Amazon Web Services (AWS) announced on stage at AWS re:Invent that it has dropped pricing about 25 percent across the board for its S3 storage service. Senior Vice President of Amazon Web Services Andy Jassy said the price drop will go into effect December 1. AWS has dropped prices 23 times since 2006.
Jassy attributed the price drops to what he sees as a virtuous circle that has emerged as AWS has expanded.
More customers leads to more AWS usage, which fuels the need for more infrastructure. As more is added, AWS gets economies of scale in lower infrastructure costs and, as a result, can lower prices.
Jassy said the differences between AWS and its competitors come down to margins. The large, enterprise giants such as Oracle, IBM and HP work on high margins. That has been the way they have historically made their revenues. But now the world is different. The new reality is scale and super-thin profit margins.
The big technology giants of the past are making up for this lack of capability to scale with “private cloud” solutions that are nothing more than an effort to “cloudwash,” a term that refers to the habit of these big tech providers to put the cloud name on its legacy hardware.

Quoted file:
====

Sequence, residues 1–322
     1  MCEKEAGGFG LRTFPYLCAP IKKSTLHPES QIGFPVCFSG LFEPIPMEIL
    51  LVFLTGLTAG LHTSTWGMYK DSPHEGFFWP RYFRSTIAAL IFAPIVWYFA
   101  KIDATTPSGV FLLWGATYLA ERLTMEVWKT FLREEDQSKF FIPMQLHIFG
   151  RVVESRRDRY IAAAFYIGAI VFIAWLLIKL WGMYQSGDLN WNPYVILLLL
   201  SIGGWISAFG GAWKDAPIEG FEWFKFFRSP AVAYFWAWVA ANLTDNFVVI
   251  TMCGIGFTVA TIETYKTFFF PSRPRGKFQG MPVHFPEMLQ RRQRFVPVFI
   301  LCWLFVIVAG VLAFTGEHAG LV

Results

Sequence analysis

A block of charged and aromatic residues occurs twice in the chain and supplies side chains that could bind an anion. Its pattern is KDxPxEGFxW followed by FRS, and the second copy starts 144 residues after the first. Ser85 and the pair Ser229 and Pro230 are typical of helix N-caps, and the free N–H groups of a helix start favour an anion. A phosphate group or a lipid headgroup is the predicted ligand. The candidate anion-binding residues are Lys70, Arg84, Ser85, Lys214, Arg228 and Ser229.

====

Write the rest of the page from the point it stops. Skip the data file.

AWS still faces steep competition from the likes of Google, which earlier this week lowered its cloud storage costs by 25 percent.
Amazon Web Services, LLC offers Web services that allow users to build businesses. Its Web services are self-contained functions that can be published and invoked across the Web using XML-based protocols. It offers functions for directly accessing Amazon’s technology platform and product data ranging from retrieving information on set of products to adding an item to a shopping cart. It offers Amazon Associates Web Service that exposes Amazon’s product data and e-commerce functionality; Amazon Elastic Compute Cloud, a Web...